Thai Cave Rescue: A medical assessment of the 12 boys and their football coach stuck in a cave in Northern Thailand has concluded that it is too dangerous to try to move the group out Thursday, according to a member of the Thai Navy SEALs who is not authorized to speak to the media. The SEALs have also started to pump oxygen into the chamber.
Separately, a new doctor’s report highlighted that two of the boys and the coach were suffering with exhaustion from malnutrition.
Fresh details of the operation underway at the Tham Luang Nang Non to free the team were emerging on Thursday, as rescuers pushed ahead with multiple plans to extricate the group trapped underground for almost two weeks.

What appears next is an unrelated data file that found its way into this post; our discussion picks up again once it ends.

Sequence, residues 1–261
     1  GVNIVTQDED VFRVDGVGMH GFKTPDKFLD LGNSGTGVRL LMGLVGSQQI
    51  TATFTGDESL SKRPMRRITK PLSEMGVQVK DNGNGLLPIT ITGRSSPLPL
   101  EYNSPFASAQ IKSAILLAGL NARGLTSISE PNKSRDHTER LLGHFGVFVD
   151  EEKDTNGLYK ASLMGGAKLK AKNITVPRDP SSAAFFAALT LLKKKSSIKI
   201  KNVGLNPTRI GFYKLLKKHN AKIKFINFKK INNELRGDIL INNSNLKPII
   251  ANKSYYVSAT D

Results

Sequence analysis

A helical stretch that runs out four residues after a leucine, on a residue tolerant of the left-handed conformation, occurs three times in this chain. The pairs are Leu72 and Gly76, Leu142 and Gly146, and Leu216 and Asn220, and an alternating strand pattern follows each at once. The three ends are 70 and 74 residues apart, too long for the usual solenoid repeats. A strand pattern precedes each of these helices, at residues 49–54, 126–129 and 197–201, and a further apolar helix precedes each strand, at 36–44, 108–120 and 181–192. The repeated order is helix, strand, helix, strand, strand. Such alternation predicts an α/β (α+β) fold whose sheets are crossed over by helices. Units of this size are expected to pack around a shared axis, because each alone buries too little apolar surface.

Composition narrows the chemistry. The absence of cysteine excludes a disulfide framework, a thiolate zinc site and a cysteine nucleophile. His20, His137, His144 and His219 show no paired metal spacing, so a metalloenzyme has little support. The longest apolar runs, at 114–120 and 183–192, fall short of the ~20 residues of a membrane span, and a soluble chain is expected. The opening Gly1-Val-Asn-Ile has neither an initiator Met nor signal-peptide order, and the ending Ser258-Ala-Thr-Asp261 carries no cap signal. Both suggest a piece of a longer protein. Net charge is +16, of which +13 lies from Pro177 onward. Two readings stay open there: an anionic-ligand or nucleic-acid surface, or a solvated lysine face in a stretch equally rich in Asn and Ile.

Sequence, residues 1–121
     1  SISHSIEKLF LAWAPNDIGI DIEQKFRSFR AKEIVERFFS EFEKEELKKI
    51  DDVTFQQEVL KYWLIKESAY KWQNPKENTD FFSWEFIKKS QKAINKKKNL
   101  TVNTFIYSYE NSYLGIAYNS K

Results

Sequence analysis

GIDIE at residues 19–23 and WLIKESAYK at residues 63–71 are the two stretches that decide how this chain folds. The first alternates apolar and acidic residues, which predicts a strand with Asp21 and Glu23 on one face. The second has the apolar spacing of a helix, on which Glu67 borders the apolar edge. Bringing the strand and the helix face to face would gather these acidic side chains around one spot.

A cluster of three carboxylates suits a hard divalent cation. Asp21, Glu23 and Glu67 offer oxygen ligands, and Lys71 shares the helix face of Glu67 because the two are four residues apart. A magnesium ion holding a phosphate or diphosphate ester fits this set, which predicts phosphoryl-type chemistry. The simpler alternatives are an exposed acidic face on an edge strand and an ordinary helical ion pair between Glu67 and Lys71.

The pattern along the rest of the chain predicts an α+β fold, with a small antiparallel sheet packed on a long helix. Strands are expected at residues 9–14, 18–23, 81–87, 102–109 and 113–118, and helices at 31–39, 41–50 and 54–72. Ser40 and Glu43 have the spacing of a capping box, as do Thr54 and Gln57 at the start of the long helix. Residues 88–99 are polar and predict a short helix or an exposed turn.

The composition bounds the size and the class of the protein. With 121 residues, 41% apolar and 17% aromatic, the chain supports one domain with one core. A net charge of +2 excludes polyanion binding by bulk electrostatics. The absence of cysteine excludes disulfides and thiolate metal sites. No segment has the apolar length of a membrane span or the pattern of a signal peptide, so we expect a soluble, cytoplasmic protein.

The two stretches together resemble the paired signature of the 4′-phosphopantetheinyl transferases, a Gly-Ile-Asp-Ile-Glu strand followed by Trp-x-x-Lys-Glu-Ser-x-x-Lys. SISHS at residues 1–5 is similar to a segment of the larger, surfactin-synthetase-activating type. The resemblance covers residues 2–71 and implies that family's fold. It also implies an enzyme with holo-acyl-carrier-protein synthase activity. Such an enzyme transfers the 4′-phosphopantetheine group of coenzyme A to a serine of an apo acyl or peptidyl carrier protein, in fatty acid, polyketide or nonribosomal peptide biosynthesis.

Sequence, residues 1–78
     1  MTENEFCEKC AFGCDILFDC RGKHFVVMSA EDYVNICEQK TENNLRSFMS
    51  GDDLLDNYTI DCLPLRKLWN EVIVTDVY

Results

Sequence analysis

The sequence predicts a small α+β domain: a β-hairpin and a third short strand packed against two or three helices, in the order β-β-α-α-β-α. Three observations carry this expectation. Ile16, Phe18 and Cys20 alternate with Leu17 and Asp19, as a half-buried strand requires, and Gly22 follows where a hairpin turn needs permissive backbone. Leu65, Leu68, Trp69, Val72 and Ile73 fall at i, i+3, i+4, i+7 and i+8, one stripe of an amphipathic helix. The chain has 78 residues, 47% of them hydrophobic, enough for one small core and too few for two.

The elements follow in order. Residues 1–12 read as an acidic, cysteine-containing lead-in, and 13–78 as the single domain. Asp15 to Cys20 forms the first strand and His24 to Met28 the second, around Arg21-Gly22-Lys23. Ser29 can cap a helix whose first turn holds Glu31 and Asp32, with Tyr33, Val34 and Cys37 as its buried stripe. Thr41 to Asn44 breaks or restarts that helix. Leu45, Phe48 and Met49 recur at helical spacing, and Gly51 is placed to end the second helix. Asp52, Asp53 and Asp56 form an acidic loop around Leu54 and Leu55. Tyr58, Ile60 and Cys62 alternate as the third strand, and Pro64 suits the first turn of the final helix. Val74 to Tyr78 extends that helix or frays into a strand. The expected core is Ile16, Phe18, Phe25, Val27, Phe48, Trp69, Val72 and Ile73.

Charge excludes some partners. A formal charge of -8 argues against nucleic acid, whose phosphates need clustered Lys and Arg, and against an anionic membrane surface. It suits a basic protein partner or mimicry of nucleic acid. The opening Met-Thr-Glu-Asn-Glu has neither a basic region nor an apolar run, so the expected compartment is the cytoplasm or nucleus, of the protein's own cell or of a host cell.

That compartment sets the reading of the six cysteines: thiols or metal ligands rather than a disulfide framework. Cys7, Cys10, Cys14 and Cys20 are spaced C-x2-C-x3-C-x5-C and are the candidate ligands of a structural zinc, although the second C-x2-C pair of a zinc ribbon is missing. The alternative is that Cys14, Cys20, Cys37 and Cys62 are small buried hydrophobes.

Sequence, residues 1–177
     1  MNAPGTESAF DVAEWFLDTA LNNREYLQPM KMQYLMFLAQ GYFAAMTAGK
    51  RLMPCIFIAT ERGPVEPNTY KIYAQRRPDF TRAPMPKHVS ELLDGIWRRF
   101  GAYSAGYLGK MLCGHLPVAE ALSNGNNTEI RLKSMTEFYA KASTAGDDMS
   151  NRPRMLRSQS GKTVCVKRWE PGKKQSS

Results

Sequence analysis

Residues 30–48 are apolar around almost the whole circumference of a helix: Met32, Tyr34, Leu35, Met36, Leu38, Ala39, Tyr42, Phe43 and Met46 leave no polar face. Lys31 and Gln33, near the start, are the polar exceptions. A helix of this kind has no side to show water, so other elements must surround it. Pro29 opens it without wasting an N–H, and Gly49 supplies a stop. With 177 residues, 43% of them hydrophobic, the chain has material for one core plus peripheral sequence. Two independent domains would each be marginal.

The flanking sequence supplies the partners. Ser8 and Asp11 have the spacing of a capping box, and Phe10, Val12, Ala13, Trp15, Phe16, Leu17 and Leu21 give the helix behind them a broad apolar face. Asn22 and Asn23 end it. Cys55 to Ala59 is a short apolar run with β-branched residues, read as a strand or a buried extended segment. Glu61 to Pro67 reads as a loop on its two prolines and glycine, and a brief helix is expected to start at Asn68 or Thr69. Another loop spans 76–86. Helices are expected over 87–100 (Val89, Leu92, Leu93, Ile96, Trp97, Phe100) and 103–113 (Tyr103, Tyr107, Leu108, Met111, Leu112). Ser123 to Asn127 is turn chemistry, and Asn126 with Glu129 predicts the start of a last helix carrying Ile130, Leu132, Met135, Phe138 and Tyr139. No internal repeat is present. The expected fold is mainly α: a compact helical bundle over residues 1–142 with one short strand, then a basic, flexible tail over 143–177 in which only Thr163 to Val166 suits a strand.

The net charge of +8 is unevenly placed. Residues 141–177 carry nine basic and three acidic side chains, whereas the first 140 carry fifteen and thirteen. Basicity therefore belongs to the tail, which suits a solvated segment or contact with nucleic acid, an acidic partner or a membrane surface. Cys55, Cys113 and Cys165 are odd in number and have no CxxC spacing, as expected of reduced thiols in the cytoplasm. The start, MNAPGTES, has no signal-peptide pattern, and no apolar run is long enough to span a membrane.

More rain is forecast this weekend, putting pressure on rescuers to formulate a plan to extract the boys before flood waters rise any higher.
Huge volumes of water are being pumped out of the cave complex each day, but the narrow, winding passages inside are still flooded, meaning diving through the murky water is currently the only way in and out.
Rescuers entering the cave complex located in northern Thailand have to navigate dark, flooded tunnels for six hours to reach the team. It takes another five hours to return to the entrance.
Around the camp which has sprung up near the cave entrance, Thai military divers have set up an encampment with diving gear and equipment, while people from the local community hand out food to rescuers, other volunteers and the small army of press on site.
The boys were in good spirits despite spending almost two weeks underground, Chiang Rai governor Narongsak Osottanakorn said on Thursday.
“I confirm here again that they are in good health and they are smiling and playing around,” he said.